Evita gryp die voorlaaierEvita grabs her gun

Evita Bezuidenhout

Vyftien jaar gelede het dié oudambassadeur van Bapetikosweti sonder werk gesit. Haar tuisland het nie meer bestaan nie, haar drie kinders, Billie-Jeanne, De Kock en Izan, was uit die huis en haar man, oud-LP, Hasie Bezuidenhout, reeds afgetree.
“Ek was ’n legende sonder weerklank. Maar toe sê Nelson Mandela: ‘Evita, kom help my’. Toe neem ek sy kombuis oor. Ek kook vir hom en die honderde mense wat hom besoek.
Almal wou foto’s laat neem met Madiba sodat ons moes glo hulle is ook aanhangers van demokrasie en menseregte.
Groot demokrate soos Moeammar Ghaddafi, Fidel Castro, Jasser Arafat, Robert Mugabe,
George Bush, die Spice Girls – almal het gekom en ek het vir hulle bobotie voorgesit
en hulle het dit so geniet.
“Later is ek parlement toe om die kombuis daar te help om die nuwe ANC-regering voor te stel aan ware Afrikakos ná ’n leeftyd in ballingskap. Ek het net poetoepap by als gesit: saam met soesji, brood-en-botterpoeding en die Atkins-dieet. My resep vir bobotie word toe die resep vir toenadering. Ons het dit na al die probleemplekke gestuur: Noord-Ierland, Noord- en Suid-Korea, Tsjetsjnië. Ons het die resep gestuur na die Kongo se vredeskonferensie met ons minister van buitelandse sake, Nkosazana Dlamini-Zuma,
toe eet sy die resep …”
Maar Madiba het afgetree en al het Evita nog in die sosiale binnekringe beweeg, het sy gewag op iets. Op ’n volgende kans. En toe kom dit – onverwags – aan die einde van verlede jaar, en dié slag was dit haar eie inisiatief. Sy stig haar eie politieke party: die Evita’s People’s Party.
“Ek het geen ambisie in die politiek nie. Ek was al daar. Soos hulle sê, ek het die teehempie. Maar ’n jaar gelede sê my oudste kleinkind, Winnie-Jeanne Makoeloeli – en sy is net tien jaar oud, uit die bloute: ‘Gogo? Vukuzenzele!’ Ek sê toe: “Sies, wat is dit?” Toe verduidelik hierdie klein gogga in ’n paar sinne watter rigting ek met my lewe moet inslaan.
‘Gogo, dis Xhosa vir ‘staan op en doen iets’. ‘Moenie daar sit en kerm soos so baie ander nie. Staan op en wys na wat verkeerd is en maak dit reg. Vukuzenzele!’ “Toe dog ek, janee
wragtig, laat ek weer die voorlaaier en kappie gryp en my land beskerm. Om seker te maak dat ons demokrasie behoorlik bly werk omdat my kleinkinders en joune dit nodig het. Daarom Evita’s People’s Party.
“Dit is nie ’n party vir politici nie; dis vir die mense, the people. Staan op en doen iets. Soos Obama gesê het: ‘Yes we can,’ sê ek vir ons korrupte politici: ‘No you can’t!!’
En toe praat ek en Evita politiek …

Evita Bezuidenhout

Fifteen years ago this former ambassador of Bapetikosweti was without a job. Her homeland no longer existed, her three children – Billie-Jeanne, De Kock and Izan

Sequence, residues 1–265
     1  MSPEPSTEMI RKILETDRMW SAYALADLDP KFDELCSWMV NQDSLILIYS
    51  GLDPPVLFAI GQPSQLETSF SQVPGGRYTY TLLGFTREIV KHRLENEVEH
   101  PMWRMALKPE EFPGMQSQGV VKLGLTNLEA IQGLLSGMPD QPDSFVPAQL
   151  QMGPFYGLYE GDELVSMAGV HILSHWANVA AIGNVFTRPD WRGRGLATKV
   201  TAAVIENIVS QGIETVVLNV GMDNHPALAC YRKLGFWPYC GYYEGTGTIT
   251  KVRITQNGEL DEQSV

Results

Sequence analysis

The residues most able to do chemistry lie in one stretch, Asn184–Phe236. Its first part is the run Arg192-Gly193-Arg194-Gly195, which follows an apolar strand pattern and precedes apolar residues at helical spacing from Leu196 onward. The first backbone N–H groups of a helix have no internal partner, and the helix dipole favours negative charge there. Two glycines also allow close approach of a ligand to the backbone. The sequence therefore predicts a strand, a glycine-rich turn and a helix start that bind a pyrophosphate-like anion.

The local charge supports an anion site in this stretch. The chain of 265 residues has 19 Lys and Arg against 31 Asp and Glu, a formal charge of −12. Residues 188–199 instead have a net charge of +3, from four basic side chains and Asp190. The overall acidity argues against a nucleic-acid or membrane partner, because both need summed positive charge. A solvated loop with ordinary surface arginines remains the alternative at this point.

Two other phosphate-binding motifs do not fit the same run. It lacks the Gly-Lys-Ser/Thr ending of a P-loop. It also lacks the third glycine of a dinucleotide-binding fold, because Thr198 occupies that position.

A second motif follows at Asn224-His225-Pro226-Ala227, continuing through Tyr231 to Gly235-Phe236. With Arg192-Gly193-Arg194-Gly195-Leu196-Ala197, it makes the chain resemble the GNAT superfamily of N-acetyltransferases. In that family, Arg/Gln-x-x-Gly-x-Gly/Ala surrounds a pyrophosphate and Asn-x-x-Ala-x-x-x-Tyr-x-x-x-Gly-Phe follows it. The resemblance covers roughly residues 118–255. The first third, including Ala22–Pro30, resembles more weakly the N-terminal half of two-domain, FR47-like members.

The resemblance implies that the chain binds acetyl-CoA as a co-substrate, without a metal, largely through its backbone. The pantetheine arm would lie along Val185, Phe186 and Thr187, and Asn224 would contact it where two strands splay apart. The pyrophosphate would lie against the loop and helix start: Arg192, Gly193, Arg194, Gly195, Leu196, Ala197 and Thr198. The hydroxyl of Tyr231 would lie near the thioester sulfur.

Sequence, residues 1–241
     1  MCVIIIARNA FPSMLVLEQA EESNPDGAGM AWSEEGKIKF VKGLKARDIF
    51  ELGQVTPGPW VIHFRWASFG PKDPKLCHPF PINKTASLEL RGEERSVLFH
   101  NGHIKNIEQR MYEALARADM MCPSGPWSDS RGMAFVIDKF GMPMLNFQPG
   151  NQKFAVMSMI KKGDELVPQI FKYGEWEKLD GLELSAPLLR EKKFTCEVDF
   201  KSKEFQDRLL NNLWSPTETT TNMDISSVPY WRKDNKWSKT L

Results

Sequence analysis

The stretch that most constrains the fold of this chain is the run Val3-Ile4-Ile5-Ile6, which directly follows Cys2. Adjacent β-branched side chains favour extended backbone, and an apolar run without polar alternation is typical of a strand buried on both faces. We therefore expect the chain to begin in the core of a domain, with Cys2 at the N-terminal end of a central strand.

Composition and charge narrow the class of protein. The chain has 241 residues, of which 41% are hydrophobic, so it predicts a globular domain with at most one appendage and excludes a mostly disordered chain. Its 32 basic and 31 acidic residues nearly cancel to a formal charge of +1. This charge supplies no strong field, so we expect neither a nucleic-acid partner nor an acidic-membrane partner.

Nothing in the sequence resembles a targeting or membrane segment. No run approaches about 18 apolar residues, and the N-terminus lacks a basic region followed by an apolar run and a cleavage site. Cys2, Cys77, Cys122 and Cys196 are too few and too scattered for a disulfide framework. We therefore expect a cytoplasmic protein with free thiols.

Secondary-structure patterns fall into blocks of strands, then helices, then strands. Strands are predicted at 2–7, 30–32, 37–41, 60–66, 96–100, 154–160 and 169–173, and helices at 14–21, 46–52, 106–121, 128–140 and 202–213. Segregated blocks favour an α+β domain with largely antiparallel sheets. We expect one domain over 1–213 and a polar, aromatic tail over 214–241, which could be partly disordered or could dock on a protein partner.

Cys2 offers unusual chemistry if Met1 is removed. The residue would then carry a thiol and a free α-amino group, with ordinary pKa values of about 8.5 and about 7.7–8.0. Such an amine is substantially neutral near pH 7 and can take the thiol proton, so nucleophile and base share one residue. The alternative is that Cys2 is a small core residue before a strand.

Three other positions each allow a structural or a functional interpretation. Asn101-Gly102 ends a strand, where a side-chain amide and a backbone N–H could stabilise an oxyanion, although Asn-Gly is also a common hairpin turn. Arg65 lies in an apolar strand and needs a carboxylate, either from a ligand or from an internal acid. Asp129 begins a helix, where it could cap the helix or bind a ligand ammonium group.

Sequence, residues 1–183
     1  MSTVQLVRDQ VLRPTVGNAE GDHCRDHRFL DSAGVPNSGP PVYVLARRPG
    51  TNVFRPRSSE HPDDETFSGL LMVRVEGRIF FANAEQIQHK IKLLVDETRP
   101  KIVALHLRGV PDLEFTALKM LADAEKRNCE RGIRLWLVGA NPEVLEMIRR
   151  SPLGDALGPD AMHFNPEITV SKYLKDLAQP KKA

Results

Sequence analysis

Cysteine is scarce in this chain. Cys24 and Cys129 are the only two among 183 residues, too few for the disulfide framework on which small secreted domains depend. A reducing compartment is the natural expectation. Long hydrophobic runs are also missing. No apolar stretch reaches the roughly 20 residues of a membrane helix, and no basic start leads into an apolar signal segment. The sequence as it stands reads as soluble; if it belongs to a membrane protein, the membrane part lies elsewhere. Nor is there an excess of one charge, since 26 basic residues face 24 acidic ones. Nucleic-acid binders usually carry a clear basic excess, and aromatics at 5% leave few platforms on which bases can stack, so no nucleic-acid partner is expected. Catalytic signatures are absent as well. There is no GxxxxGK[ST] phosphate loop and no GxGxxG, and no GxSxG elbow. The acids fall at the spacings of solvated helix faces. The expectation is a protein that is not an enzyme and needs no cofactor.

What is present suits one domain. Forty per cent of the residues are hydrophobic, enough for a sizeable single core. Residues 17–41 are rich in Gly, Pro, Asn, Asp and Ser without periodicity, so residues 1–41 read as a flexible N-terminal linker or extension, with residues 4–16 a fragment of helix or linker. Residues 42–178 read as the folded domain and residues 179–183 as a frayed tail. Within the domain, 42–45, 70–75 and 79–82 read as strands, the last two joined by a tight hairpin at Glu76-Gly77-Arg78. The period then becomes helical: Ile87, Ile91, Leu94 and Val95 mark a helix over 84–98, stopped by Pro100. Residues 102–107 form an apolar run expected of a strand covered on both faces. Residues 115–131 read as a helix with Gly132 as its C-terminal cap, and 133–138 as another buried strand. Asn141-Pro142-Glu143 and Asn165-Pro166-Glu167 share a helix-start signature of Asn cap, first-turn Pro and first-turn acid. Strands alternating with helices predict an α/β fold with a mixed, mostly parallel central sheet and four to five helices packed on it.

– had flown the coop, and her husband, former MP Hasie Bezuidenhout, had already retired. “I was a legend without echo. But then Nelson Mandela said: ‘Evita, come help me’.
I took over his kitchen. I cooked for him and the hundreds of people who visited him. Everyone wanted to have their pictures taken with Madiba so that we would believe that they too were supporters of democracy and human rights. Prominent democrats like
Muammar Gaddafi, Fidel Castro, Yasser Arafat, Robert Mugabe, George Bush, The Spice Girls…everyone came and I fed them bobotie, and they so enjoyed it.
“Later I went to parliament to help out in the kitchen there and to introduce the new ANC government, after a lifetime in exile, to true African food. I just served everything
with putu pap: sushi, bread and butter pudding and the Atkins diet. My recipe for bobotie then became the recipe for closer relationships. We sent it to all the problem areas:
Northern Ireland, North and South Korea, Chechnya. We sent the recipe to the Congo’s peace conference with our Minister of Foreign Affairs, Nkosazana Dlamini-Zuma, and
then she ate the recipe…” But Madiba retired and although Evita was still moving in the inner social circles, she was waiting for something; for another chance. And then it
came – unexpectedly – at the end of last year, and this time it was her own initiative. She established her own political party: the Evita’s People’s Party.
“I have no ambition in politics. Been there and, as they say, got the T-shirt. But a year ago my eldest grandchild, Winnie-Jeanne Makoeloeli – and she is only 10 years old – said out of the blue: ‘Gogo? Vukuzenzele!’” And I said: “Sies, wat is dit?” And then this little madam explained, in a few sentences, the direction my life should take. ‘Gogo, it’s Xhosa for ‘stand up and do something’. Don’t just sit there moping like so many others. Stand up and point to what is wrong and fix it. Vukuzenzele!’ “And I thought, indeed, let me grab my rifle and my bonnet and protect my country. To make sure that our democracy continues working properly, because my grandchildren and yours need it. And that’s why Evita’s People’s Party. “It’s not a party for politicians; it’s for the people. Stand up and do something. Just like Obama said: ‘Yes we can’, I say to our corrupt politicians: ‘No you can’t!’”
And then Evita and I talked politics.

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